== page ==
Tuesday, June 22, 2010

Why I hate Greg Kasavin (Part 1--his reviews).

As most people who know me are well aware, I think Greg Kasavin is one of the worst things to ever happen to the videogame industry. He's been stinking up the industry for a good 15 years now, and shows no signs of slowing down. What's worse is that over the years he's moved from being a shitty reviewer and journalist to a shitty game developer. So yeah, the guy who has no fucking clue about anything important in videogames is designing them.

This entry will document my journey of Kasavin hate, which, as you will see, is much deeper than any of the typical "Greg gave my favorite game a 9.8 instead of a 10, he sucks" Kasavin hate.

Many years ago, I frequently read reviews at any site I could. One site I frequented, probably now the biggest Media spot in the industry, was Gamespot.com. While reading reviews at Gamespot, I'd often see some fucked up line, either in the sense that it was contradictory, irrelevant, or just fucking stupid. When I'd read such a line, I'd always subsequently notice that Greg wrote the review.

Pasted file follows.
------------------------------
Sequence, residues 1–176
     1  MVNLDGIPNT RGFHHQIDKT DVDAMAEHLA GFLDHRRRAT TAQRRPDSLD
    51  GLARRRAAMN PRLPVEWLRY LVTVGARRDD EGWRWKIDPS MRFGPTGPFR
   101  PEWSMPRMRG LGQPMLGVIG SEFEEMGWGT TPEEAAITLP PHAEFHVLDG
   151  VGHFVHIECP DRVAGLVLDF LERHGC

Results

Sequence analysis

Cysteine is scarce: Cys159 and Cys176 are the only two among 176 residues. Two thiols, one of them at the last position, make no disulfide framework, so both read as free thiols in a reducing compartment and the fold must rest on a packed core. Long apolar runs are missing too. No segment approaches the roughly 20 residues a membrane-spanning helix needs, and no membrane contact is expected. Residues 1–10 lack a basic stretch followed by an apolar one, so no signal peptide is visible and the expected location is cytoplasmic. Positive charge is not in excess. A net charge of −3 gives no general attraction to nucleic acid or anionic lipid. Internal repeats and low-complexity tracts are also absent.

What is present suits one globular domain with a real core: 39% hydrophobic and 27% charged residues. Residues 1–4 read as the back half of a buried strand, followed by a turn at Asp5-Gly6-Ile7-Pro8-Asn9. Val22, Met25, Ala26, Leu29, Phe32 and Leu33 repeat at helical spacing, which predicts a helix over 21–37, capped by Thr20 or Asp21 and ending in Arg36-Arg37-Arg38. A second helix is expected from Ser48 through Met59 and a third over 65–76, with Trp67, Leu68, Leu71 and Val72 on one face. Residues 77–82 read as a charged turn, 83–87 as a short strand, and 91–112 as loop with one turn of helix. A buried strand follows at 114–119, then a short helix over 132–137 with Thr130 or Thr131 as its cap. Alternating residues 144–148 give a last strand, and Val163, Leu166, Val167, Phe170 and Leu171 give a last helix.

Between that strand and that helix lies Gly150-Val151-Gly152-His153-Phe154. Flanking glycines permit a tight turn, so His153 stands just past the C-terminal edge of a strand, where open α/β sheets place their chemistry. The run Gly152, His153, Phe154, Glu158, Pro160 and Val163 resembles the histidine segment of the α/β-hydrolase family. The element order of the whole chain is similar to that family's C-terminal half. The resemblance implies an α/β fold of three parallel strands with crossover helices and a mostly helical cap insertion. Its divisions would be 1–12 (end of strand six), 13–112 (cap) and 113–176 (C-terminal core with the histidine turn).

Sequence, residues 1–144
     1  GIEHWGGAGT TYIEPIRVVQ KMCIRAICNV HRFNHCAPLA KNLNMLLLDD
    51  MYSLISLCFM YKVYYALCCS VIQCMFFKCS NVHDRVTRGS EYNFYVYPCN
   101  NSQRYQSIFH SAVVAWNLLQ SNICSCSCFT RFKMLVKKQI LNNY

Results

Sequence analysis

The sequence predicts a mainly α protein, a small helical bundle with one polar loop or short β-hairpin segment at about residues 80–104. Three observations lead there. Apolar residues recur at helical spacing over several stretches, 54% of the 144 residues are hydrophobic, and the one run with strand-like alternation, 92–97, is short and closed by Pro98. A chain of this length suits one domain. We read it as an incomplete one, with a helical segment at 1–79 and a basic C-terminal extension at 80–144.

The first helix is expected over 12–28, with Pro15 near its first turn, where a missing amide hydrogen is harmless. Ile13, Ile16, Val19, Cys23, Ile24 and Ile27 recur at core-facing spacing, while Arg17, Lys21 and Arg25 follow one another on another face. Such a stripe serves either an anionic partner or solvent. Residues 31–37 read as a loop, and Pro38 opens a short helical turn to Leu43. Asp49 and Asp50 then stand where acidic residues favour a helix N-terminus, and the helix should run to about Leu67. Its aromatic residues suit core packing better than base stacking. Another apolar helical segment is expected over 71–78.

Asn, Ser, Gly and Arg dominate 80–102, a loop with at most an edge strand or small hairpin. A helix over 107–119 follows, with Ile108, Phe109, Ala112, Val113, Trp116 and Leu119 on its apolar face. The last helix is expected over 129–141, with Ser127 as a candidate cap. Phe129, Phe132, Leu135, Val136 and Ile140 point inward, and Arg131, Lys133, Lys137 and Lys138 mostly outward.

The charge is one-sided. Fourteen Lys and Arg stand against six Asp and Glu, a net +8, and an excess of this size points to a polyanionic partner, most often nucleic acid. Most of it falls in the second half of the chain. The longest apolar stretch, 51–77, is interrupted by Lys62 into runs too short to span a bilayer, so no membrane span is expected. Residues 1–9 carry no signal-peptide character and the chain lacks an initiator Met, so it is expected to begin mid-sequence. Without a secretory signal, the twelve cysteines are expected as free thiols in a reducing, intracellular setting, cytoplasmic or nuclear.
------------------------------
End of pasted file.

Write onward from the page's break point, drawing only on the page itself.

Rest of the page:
After awhile, I'd see a fucked up line and think "Sounds like a Kasavin-ism" and then see Greg did in fact write the review.

Here are a just a few examples (because otherwise this topic would take 4 hours to read):

From Ninja Gaiden: "The key to the dynamic nature of the action is that Ryu is so mobile. When in doubt, you can always make him leap away from a combat situation, or you can make him leap straight into one."

Wow. You mean that I not only can jump towards enemies, but away from them too? This is pretty typical of Kasavin--praising a game by citing some completely inane or basic mechanic.

From Castlevania, Lament of Innocence:

"The camera angle is rarely a detriment [then goes on for the rest of the paragraph complaining about the camera]"